Another option is to leave the Smiths/Jaeger speedometer alone. You can install a Sigma bicycle computer in your car to give you a very accurate speedometer and odometer. The only issue with the concept is that the bike computers do not have a permanently "on" light for night driving. Some have a momentary light pushbutton but that's not practical in a car. This means adding a small light focused on the computer's display if you want to drive at night.

Lastly... I am probably one of the few people left who does not have a cell phone. For those of you who do have them, most will support some form of GPS function that will allow speed displays. Of course, most stand-alone GPS units will do the same. The downside of these options is that you would not have an odometer associated with the speed display.


Country flag
I'm trying to see if anyone has either found or would be interested in a way to guarantee an accurate speed reading while keeping the original speedometer AND without removing the speedometer. Would love your feedback!

Do you mean making the speedo accurate without removing it from the car ever? I don't know how you would fix/adjust it without removing it, they come apart reasonably easily, but you can't do it with the gauge on the car, except I suppose you could get a ratio adapter custom made (basically a gearbox that goes inline somewhere between the gearbox and the gauge on the cable) and then you could adjust it all. However, if the speedo is off and you still have original gearing in the car, such a fix would make your odometer read incorrectly.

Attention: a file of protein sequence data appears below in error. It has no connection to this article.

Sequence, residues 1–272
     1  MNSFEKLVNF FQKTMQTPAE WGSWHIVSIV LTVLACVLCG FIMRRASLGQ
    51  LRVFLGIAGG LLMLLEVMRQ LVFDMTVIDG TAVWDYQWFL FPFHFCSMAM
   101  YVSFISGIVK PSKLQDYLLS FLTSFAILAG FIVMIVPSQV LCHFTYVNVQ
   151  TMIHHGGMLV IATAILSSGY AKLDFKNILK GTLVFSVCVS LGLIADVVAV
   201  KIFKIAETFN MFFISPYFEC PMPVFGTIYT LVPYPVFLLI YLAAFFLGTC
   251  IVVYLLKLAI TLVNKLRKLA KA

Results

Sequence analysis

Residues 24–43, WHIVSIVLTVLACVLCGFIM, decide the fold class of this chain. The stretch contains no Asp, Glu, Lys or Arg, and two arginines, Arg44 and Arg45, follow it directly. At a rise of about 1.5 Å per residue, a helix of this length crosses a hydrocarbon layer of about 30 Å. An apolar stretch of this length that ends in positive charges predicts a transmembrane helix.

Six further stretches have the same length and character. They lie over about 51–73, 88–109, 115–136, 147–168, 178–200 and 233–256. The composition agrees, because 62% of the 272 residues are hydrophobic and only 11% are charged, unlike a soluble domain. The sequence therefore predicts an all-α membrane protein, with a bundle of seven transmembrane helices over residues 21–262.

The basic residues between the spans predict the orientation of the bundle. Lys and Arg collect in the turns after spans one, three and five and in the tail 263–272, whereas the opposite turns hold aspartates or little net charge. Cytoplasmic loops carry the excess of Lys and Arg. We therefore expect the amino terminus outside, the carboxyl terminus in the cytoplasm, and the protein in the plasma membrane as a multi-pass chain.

Other options if you are allowed to remove the speedo to fix, magnetize or demagnetize the mechanism as needed to adjust the speed; or add small hight strength magnets if it reads low; establish actual 60 MPH by GPS, timing with mile markers on the road, or going by one of those radar readouts when no other traffic is near, note the speed on the speedo, say it reads 55 MPH, take the speedo mechanism out of the case, manually turn the needle/indicator to 55 MPH, hold the internal mechanism carefully but firmly so it won't turn, and turn the needle indicator to 60 MPH.

I agree with others about odometer mileage, unless of course it is an original, low miles, unmolested car. I ran LBC's as daily drivers/used cars in the 70s and 80s, and you did indeed run them with the cable or speedo broke, and you swapped out the gauge when one broke. I suppose if you were rich you could get the gauge properly repaired right away, but if you were rich you probably weren't driving a 10 year old LBC! In our state on the title mileage becomes "exempt" (from being stated on the title at transfer) after the car reaches a certain age, don't remember exactly how old, all MGs, Triumphs and Healeys are well past the exempt date.